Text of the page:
May 27: President Quillen’s Message About the First Step in Planning for the Fall

After receiving a report from the Academic Calendar Design Team, the Faculty Executive Committee has recommended a calendar structure for the fall semester. I want briefly to describe that recommendation, which I am sharing with the senior leadership team and trustees. Please note that this calendar decision, once finalized (which I expect to happen soon), can ground a series of other, equally important decisions about the fall semester. 

What It Means

The calendar structure is one piece of planning for the fall.  It’s a key starting point that grounds our decision-making going forward.

The FEC has recommended the “13 Week Plus” structure for the fall, during which students will take four courses (as they normally do). This recommendation was based on work by one of our seven design teams – made up of students, faculty and staff – and feedback solicited from across the community.  This structure includes:

  • No on-campus classes after Thanksgiving.
  • A floating start date (so the start date can be finalized later, depending on external circumstances).
  • Conducting exams remotely (most students will be off campus by this time) and possibly holding some classes remotely, depending on the start date.
  • An expectation that courses could be delivered either in person or remotely.
  • An understanding that faculty members will redesign courses for a 13 week class schedule.  

The analysis by the design teams and faculty and the feedback from across the community emphasized that this structure: accommodates our existing course schedule  (4 courses per semester), provides flexibility for different start dates, is preferred by students, and mitigates risk of an outbreak (students would not leave for Thanksgiving and then return to campus). 

An important element of this structure is that faculty have heard students’ concern about the workload of four courses in a shorter timeframe. Faculty members understand the need to redesign syllabi and adjust workload. 

Decisions Yet To Come

The calendar structure decision moves us a big step forward. It does not address additional important questions that you undoubtedly have, for example:

  • Whether students will be on campus.
  • What date classes will start — August 20th is the preferred date as of now.
  • When and how first-year orientation will occur — August 15th is the preferred date as of now. 
  • When or if we will have a fall break.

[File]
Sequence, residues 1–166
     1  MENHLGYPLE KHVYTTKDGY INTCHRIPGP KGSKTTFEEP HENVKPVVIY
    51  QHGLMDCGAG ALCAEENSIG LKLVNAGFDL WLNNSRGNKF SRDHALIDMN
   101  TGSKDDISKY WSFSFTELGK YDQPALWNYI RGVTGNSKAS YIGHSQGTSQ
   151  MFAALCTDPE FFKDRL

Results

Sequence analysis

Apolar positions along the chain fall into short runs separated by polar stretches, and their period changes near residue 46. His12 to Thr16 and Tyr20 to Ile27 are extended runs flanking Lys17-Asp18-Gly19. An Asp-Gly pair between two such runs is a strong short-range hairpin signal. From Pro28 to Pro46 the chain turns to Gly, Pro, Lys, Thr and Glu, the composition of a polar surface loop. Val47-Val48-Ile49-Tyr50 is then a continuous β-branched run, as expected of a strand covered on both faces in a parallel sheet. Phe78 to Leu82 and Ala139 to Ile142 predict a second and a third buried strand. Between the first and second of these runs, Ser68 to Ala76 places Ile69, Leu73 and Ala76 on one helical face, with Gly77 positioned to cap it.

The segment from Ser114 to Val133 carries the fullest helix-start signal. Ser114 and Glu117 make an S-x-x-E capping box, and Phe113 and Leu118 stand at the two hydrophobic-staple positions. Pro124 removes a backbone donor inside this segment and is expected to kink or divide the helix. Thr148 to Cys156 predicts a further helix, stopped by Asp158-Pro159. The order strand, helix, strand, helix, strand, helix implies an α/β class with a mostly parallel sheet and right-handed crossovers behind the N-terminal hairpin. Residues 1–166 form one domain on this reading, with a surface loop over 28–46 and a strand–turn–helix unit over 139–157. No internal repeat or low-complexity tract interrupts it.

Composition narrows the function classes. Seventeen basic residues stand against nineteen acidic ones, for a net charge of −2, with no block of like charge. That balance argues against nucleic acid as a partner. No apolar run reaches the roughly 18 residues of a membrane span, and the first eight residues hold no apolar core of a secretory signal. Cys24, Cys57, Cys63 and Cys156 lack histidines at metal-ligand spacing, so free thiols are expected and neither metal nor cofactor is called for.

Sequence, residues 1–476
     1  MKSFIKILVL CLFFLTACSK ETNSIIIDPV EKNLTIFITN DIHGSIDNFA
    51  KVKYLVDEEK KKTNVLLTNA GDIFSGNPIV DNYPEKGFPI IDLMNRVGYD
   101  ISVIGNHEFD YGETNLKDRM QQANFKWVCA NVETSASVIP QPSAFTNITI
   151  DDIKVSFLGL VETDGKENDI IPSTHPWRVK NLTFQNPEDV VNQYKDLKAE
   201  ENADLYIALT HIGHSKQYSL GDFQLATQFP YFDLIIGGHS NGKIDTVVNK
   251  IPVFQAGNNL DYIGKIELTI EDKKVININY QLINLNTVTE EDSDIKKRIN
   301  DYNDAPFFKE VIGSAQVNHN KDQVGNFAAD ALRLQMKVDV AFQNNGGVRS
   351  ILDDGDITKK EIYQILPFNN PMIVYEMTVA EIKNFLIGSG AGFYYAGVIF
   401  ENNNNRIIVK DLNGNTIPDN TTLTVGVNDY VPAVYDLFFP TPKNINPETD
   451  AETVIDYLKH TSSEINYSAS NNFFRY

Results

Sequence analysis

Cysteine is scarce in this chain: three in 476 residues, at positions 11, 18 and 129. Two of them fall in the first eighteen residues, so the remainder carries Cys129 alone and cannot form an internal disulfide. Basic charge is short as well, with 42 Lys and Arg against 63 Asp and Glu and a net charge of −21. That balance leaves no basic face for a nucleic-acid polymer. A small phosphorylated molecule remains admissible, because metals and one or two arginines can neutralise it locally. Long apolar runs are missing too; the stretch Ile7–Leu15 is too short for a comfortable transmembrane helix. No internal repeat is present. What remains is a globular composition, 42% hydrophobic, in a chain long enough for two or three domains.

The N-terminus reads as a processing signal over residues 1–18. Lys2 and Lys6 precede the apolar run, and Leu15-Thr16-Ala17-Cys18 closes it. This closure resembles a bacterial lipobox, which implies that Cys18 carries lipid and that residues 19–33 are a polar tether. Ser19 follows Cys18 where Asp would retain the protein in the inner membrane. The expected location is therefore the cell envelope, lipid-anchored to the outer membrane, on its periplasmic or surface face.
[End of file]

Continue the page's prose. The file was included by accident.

• How we will help protect members of our community with underlying health conditions.
  • How housing will be handled for students whose study abroad was canceled. 

In the weeks to come, we’ll be working together on these and other issues. Please watch for more messages as we work toward returning to campus as soon as possible.

Next Steps

I will be reviewing the FEC recommendation with the senior leadership team and trustees, and, barring any unforeseen problems, we expect to move forward with it. 

The design process has created groups that can develop and test ideas quickly while considering the needs of and feedback from our community. I’m grateful for your patience as we work to reach the right decisions for Davidson and the ongoing fulfillment of our mission.  

I recognize the burdens that this pandemic places on everyone. This is an extremely difficult situation and it will be hard for a while. As we navigate through the next few months, it will help to remember that what you do here matters, that it makes a huge difference in the lives of young people who then graduate and improve their communities, and that you are as good at doing this as anyone in the world. It is a gift and privilege to work with you.

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May 22: What does the Move to Phase Two Mean for Davidson’s campus?

North Carolina’s Stay-at-Home order will be lifted effective at 5 pm today. Though the state officially moved into Phase Two of its reopening plan, the changes to the COVID-19 restrictions are more modest than anticipated. 

What does that mean? 

If you have been working from home, you should continue to do so, unless you and your manager have agreed for you to come to campus. Little has changed in Davidson College’s operations because of today’s transition, which is the result of Gov. Roy Cooper’s Executive Order 141, signed on Wednesday. 

The order continues to encourage teleworking, limiting travel and the number of people in a building, which is why only essential faculty and staff should be on campus. 

If you are working on campus:  

  • Please wear a face covering such as a cloth mask in all public, indoor spaces. Masks may be removed in private offices. Wash face coverings regularly.
  • Stay at least 6 feet away from others, indoors and out, including while actively working with others
  • Use hand sanitizer, and wash your hands often for at least twenty seconds
  • If you wear gloves, please be sure to remove them carefully and to wash your hands after you dispose of them

If you are needed on campus and you do not have a mask, please contact HR at 704-894-2213 or by emailing  

If you are sick, please do not come to campus, or leave campus immediately if you develop symptoms while at work.

We appreciate the tremendous response of our community to this continuing challenge, and we are proud of the way Davidson faculty and staff are facing this together. Please let us know if you have any questions, and thank you for your hard work and dedication to our students and to each other. 

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